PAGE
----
- The Washington Times - Wednesday, January 15, 2003

QUITO, Ecuador, Jan. 15 (UPI) — Brazil's president Wednesday called for a diplomatic solution to the general strike crippling neighboring Venezuela, which has endured more than a month of unrest.

While attending the inauguration of Ecuador's new President Lucio Gutierrez in the capital, Quito, Brazil's own newly anointed leader, Luiz Inacio Lula da Silva, stressed Venezuela's importance to the continent's largest country and economy.

"We want Venezuela to find its way in the most tranquil and peaceful manner possible," said Lula. "What we really want is to help Venezuela find a way peacefully and for the Venezuelan people to be happy."

While finding a peaceful end to the now 45-day strike may be a tall order, the Brazilian leader went to Quito on Wednesday with an agenda that included a brainstorming session with other Latin American leaders about how to end the strike.

Lula brought with him the idea of creating a regional, multi-national "Friends of Venezuela Group" — Grupo de Paises Amigos da Venezuela — to help bring a peaceful end to the strike, as well as daily protests and clashes between supporters and detractors of Venezuelan President Hugo Chavez.

A leftist with an inclination toward social reform, Lula has strong ties to Chavez, also from the left. Opponents of the Venezuelan president allege he has taken the nation too far to the left at the expense of the economy.

Chavez — who also attended the inauguration — heaped praise on Lula for calling the meeting of president to help thrash out a solution to the strike.

"It is extraordinary, because Lula and Brazil should assume, as they are already doing, the role of protagonists in leading the new South America," Chavez asserted.

Not all Venezuelans shared their president's enthusiasm for Brazilian intervention in ending the strike. Protestors Tuesday gathered outside the Brazilian Embassy in the Venezuelan capital, Caracas, chanting and waving signs denouncing Brazil's intended role in their country's affairs.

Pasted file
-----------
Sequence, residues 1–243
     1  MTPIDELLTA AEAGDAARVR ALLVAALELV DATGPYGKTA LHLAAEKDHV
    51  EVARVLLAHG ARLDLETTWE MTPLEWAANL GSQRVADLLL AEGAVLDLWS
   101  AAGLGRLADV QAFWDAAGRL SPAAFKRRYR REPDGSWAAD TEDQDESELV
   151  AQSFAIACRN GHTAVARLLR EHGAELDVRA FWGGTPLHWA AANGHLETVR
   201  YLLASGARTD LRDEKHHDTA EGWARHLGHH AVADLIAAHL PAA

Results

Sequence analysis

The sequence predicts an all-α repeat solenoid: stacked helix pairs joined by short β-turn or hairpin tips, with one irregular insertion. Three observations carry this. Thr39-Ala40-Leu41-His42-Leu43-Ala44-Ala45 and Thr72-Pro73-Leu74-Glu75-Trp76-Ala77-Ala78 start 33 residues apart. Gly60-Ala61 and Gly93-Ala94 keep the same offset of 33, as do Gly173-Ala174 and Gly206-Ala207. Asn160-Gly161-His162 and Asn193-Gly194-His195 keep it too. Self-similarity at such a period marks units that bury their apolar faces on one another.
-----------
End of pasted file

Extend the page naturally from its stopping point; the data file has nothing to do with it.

"We like samba — we don't like intromission," read one sign, referring to the popular Brazilian dance.

The Lula-led meeting of regional leaders has also drawn the ire of Washington, who had hoped to form its own "Friends of Venezuela" group to end strike that has severely handicapped Venezuela's oil production capabilities.

A Washington Post article last week noted that the President Bush's administration was hoping to head off the left-leaning Lula government's initiative, adding that U.S. and foreign diplomatic sources were concerned that the effort would ultimately be counterproductive.

The U.S.-led effort would include Brazil, as well as the United States, Mexico, Chile and possibly Spain, and a representative of U.N. Secretary-General Kofi Annan, according to the Post.

U.S. State Department spokesman Richard Boucher recently explained the Bush administration's position on regional intervention in Venezuela, simply stating, "We don't think there needs to be some separate group of friends formed."

Lula has maintained a non-adversarial, diplomatic position on the U.S. stance while moving ahead with the proposed meeting. His presidential spokesman, Andre Singer, said Tuesday that the Friends of Venezuela Group "would be to support the negotiation effort by Organization of American States Secretary-General Cesar Gaviria, to resolve the crisis in that country."

Gaviria had been mediating talks between the government and opposition leaders in recent weeks with little success. The effort is currently at a standstill due to a disagreement regarding the possible ouster of Chavez. The OAS secretary-general also attended Wednesday's meeting of regional leaders.

Singer said that Brazil's new Foreign Relations Minister Celso Amorim had spoken to U.S. Secretary of State Colin Powell about the upcoming meeting, though he didn't expand on the specifics of the leaders' discussion.

"There is a convergence of opinion concerning the need to overcome the crisis in Venezuela," he said somewhat elusively.

The Bush administration initially appeared apprehensive about interfering in the Venezuela crisis. Last spring, Washington came out in support of Chavez's ouster, only to have the Venezuelan president return to power a few days later.

But now it appears the U.S. president is becomingly increasingly interested in ending a strike that has denied the United States the more than 1 million barrels of oil a day it was receiving from Venezuela.


(Reported by Carmen Gentile, UPI Latin America correspondent,

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